Now there are passages within the Old Testament that refer to the topic of clothing while worshiping God, and while the Old Testament was "written for our learning," we must remember that it was to guide us to the new covenant. There is much within that old covenant that focuses on the outward, and ritual, and it is important to note that, but it is also important to note that these things were a shadow of the ethics and behavior of God's kingdom on earth, and so we much be very careful in picking and choosing what we pull from the old covenant as principles for better understanding the new. Did the priests under the old covenant have a certain garb? Certainly, though it is also the case that the average priest had a much more plain garment than the high priest, and that, according to Leviticus 16, when the high priest went behind the veil on the day of atonement, he too would have a much plainer garb than he would in his normal day to day duties, but is the principle in that to be that God's priests today need to have the best clothing by society's definition? I would not personally be quick to jump to that conclusion.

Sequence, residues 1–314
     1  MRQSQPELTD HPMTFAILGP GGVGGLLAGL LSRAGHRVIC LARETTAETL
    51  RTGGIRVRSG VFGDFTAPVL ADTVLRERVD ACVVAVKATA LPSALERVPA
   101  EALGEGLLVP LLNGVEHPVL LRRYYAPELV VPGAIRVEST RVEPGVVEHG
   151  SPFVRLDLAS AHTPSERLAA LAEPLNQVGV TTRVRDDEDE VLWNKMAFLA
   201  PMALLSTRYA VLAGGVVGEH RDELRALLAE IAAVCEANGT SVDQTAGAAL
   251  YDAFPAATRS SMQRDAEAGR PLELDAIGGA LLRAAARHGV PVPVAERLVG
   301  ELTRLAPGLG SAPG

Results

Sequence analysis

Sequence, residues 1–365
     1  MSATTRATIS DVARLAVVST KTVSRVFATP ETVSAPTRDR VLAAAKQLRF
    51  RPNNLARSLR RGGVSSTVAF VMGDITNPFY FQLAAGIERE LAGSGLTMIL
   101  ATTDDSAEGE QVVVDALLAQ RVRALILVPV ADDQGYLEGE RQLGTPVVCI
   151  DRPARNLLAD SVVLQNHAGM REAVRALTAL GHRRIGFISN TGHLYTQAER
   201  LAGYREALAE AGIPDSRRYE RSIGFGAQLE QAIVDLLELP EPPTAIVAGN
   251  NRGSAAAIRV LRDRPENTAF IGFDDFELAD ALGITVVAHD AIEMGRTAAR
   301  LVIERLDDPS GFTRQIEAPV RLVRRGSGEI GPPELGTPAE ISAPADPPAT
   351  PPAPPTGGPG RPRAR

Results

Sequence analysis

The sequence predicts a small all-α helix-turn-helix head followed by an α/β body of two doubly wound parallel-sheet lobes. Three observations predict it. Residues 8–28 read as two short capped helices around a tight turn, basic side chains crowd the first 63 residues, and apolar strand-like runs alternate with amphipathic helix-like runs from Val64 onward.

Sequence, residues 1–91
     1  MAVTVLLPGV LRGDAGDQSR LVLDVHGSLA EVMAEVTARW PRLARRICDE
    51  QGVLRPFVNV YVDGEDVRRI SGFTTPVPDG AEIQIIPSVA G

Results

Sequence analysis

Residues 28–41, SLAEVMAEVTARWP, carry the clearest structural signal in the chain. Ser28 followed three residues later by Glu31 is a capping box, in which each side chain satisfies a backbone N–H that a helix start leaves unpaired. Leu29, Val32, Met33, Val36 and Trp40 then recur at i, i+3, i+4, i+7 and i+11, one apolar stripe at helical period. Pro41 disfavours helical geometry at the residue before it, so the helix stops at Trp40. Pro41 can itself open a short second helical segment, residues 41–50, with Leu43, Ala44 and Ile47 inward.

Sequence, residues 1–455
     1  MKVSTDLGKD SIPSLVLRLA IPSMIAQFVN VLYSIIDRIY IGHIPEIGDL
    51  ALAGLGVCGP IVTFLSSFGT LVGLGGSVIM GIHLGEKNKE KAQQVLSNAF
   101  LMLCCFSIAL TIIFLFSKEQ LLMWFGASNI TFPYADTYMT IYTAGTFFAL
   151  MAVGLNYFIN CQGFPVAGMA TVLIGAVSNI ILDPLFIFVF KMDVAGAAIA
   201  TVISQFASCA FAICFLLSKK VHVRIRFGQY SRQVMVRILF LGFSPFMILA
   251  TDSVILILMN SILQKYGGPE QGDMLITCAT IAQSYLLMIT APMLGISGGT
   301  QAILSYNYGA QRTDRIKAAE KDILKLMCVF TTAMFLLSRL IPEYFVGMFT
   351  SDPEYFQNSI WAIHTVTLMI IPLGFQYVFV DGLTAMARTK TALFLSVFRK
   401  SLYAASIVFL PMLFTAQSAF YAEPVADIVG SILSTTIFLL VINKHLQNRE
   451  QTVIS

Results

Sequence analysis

Other than those two passages we noticed above, I cannot find much of anything in the New Testament that is very specific on our outward appearance when it comes to worshiping God. That is not to say there aren't any, just that as I write this I am not aware of any others. There are a plethora of verses though that talk about the inward "dress" of man though. Other than noting that we should not go out publicly, and even in worship with other Christians, in a way that would cause society look at us in shame and to question our morality, God seems more concerned about the condition of our heart and mind when we come and worship Him.

       I would imagine though that whenever this topic is discussed, people expect some sort of discussion on the typical suit and tie that many of the more conservative churches seem to expect. Should we simply rebel against this? Well, no, not if it will cause division and strife, and not if it will cause the brethren and/or the world to look on you with shame, or to question your morality. If I am preaching, there is a 99.9% chance that you will find me wearing a suit. Why? Because I feel it is the right garb for a preacher to wear? Not at all, but normally because it is what is expected and I do not wish for the focus to be on me, what I'm wearing, and why I might be wearing something unexpected.